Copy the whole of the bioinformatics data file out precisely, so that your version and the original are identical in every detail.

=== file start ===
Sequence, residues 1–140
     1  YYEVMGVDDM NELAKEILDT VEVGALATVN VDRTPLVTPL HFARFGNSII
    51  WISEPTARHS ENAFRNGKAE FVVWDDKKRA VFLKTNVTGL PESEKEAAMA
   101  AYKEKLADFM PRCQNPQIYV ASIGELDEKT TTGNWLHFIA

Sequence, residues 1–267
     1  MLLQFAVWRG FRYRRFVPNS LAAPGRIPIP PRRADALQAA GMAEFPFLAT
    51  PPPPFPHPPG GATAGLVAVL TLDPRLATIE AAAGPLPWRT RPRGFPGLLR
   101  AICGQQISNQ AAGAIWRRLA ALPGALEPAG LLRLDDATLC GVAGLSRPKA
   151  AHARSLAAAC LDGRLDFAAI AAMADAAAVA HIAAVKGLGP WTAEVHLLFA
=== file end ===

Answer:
Sequence, residues 1–140
     1  YYEVMGVDDM NELAKEILDT VEVGALATVN VDRTPLVTPL HFARFGNSII
    51  WISEPTARHS ENAFRNGKAE FVVWDDKKRA VFLKTNVTGL PESEKEAAMA
   101  AYKEKLADFM PRCQNPQIYV ASIGELDEKT TTGNWLHFIA

Sequence, residues 1–267
     1  MLLQFAVWRG FRYRRFVPNS LAAPGRIPIP PRRADALQAA GMAEFPFLAT
    51  PPPPFPHPPG GATAGLVAVL TLDPRLATIE AAAGPLPWRT RPRGFPGLLR
   101  AICGQQISNQ AAGAIWRRLA ALPGALEPAG LLRLDDATLC GVAGLSRPKA
   151  AHARSLAAAC LDGRLDFAAI AAMADAAAVA HIAAVKGLGP WTAEVHLLFA